4. Hire community farm helpers

Creating a shared farming project can take a huge amount of work, particularly when it's a real community project. Government support here can be crucial. Cities should hire community farming experts to help channel the incredible enthusiasm and energy the public is willing to invest. If we deem it important enough to have city employees helping with parking and public art and recreation and graffiti removal and so on, we might agree it's also important to have them support people who want to grow food.

5. Help the corporations help themselves, and us

Developers worked out a sweet deal for themselves when they discovered a property tax loophole. They let folks garden on their vacant lots until construction or a sale makes business sense, and in the meantime receive whopping tax breaks for providing community amenities. Allen Garr had city officials hopping mad with his fine expose of the practice in The Courier, but rather than blame the messenger, why not work out a deal that would be a win-win all around? Let the corporations keep half their tax break (totaling about $1.3 million so far this year, according to Garr) if they'll give the other half to support urban agriculture (How? See #4).

6. Encourage a land trust for city farms

Some of the best of our wealthy private donors have cottoned on to the idea of using their good fortune for future generations by preserving quality land. A similar motivation might inspire some to pass on their property to urban food growers in perpetuity, ensuring there will always be new generations growing up on or near food-growing sites in cities.

7. Build the urban barn

Urban agriculture is a groovy idea that could use an iconic image. An Urban Barn, built amid a teaching orchard on an empty city lot such as the old apple orchard west of the Nanaimo Skytrain Station near Vanness, could serve as a teaching centre and non-profit-group office for workshops, community meetings, movies, canning courses, barn dances, and a whole lot more. Give the public a chance to get their hands directly into urban agriculture and they'll take the message home.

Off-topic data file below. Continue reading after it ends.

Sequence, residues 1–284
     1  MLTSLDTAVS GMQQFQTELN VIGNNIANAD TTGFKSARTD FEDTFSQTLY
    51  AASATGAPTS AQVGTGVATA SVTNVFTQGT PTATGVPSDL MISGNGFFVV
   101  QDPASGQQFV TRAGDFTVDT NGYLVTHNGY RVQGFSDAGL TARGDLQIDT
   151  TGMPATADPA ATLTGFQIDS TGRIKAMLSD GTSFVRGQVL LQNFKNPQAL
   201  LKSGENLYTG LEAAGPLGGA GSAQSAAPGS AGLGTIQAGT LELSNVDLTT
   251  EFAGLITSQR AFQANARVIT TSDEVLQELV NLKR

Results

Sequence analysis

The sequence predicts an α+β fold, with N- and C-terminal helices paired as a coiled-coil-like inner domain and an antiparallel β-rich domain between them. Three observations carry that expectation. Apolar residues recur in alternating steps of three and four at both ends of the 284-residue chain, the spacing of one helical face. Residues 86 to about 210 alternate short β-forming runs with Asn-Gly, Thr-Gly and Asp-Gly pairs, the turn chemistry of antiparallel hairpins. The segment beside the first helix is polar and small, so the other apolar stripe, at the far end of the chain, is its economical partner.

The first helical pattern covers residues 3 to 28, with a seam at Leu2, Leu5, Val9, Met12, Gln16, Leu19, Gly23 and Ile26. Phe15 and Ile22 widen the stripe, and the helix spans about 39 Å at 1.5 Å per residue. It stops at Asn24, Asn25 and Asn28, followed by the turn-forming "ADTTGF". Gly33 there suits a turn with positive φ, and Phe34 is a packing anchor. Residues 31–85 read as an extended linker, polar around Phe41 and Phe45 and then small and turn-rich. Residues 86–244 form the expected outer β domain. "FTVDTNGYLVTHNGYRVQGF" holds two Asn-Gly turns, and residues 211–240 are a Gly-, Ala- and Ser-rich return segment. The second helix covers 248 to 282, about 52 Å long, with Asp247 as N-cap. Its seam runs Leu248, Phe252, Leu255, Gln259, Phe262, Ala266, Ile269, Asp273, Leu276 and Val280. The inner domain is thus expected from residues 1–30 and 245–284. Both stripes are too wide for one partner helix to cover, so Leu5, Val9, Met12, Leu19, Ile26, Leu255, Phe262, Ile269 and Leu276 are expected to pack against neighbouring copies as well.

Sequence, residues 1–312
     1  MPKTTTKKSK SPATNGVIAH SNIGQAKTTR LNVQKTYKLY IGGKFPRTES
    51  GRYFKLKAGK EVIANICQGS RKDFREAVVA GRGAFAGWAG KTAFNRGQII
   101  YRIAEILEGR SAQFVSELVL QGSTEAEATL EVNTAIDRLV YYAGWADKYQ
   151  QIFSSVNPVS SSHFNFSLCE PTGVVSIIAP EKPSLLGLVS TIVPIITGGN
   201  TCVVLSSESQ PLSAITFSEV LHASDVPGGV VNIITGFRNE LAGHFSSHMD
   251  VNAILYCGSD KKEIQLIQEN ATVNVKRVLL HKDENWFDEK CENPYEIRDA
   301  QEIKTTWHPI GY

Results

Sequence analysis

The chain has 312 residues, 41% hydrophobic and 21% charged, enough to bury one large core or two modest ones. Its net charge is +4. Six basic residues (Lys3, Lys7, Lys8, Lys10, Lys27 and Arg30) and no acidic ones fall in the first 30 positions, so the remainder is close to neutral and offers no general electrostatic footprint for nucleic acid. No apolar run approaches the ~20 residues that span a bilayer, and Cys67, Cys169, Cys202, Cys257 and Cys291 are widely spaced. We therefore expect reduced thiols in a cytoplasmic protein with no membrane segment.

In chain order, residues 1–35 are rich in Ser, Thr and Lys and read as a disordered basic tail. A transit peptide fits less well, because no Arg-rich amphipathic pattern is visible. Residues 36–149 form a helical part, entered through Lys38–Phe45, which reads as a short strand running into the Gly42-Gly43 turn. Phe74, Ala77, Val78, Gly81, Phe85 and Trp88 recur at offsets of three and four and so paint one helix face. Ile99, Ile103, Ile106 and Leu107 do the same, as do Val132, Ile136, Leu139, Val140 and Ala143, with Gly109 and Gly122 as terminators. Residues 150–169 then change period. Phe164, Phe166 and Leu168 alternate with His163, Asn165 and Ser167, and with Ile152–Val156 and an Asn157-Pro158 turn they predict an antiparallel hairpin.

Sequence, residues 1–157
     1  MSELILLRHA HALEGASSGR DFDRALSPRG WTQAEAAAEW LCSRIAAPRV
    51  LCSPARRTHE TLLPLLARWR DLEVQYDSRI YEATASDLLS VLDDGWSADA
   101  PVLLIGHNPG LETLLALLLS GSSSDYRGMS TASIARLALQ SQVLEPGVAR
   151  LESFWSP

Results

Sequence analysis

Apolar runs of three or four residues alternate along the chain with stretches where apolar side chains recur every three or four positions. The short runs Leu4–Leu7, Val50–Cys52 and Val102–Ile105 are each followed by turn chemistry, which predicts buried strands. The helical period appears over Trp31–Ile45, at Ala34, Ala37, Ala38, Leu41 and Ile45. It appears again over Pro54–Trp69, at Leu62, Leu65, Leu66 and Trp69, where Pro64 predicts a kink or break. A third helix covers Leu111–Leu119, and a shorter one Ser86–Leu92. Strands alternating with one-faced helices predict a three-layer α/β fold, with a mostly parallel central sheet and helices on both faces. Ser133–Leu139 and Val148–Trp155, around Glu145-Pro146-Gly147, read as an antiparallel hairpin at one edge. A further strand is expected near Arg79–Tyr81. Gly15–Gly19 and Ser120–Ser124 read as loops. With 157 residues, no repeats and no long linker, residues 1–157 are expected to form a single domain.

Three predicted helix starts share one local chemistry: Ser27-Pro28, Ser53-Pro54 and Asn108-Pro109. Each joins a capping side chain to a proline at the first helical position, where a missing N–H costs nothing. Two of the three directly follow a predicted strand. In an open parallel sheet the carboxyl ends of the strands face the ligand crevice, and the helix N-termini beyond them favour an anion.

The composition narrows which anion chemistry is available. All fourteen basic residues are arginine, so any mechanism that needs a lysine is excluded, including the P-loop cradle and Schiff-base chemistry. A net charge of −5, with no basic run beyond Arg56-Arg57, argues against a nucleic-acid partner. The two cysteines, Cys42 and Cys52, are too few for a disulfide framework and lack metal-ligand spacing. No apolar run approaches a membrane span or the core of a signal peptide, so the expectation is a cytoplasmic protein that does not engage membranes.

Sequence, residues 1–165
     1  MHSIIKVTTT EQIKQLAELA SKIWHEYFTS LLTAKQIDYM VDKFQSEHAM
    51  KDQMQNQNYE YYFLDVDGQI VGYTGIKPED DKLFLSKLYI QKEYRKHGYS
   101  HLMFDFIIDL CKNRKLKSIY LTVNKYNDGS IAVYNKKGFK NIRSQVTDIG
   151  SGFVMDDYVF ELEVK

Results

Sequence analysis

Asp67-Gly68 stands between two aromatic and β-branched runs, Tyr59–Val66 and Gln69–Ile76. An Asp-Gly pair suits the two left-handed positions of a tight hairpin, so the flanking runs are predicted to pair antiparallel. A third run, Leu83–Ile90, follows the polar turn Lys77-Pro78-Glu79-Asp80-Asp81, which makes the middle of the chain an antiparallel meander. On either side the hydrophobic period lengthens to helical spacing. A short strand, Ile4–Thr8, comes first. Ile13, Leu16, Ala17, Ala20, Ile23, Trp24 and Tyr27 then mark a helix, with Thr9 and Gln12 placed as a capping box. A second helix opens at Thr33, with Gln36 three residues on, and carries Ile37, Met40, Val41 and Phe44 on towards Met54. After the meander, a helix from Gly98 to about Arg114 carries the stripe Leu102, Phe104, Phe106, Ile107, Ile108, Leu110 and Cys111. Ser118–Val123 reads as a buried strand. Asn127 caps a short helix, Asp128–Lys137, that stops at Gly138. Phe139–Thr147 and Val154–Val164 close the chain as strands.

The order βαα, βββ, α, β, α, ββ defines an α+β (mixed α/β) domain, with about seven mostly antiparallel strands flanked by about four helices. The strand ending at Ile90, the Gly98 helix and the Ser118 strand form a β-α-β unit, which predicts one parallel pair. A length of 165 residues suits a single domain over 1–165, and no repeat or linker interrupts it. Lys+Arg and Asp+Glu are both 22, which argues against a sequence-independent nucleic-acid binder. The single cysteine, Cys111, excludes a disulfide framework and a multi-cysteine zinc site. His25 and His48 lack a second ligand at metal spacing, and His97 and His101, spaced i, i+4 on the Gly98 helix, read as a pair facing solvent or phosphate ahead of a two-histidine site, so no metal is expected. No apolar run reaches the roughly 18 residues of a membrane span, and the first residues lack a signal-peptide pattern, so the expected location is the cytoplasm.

8. Support parks, recreation and food

We're used to the notion of supporting playgrounds for children in public parks, whether we have kids in their scrambling years or not. These structures take up space and cost money to install and maintain, but most agree it's worth devoting precious slices of public land for little kids to swing and slide. We could well make the same conclusion regarding public food growing, with a corner of every park devoted to the practice, and even get the kids involved here as well.

9. Remember the commons

Edible landscapes should become the norm, not something we have to squeeze out of an occasionally supportive city bureaucracy. Detractors say public fruit trees shouldn't be planted because: 1) People might take the fruit, or 2) if they don't it might ripen and fall and bother somebody. To which the answers are: 1) Exactly, and 2) With public engagement the fruit might well be picked before it goes soft, but even if not, we have 130,000 street trees, many of which are also a bother to someone sometime with all those pesky leaves and things, but most people agree that having an urban forest is worth the effort.

10. Appeal to higher powers

Urban agriculture is too important to our future to leave to cities alone. Provincial and federal agencies should be engaged as well, and may have greater access to resources in providing support on a wider scale. Requests for community garden support comes from cities and towns all over B.C., something a province-wide provider might start to address. With the public already highly motivated, a little leverage can go a long way towards the building of food-friendly cities everywhere.  [Tyee]

Read more: Food, Environment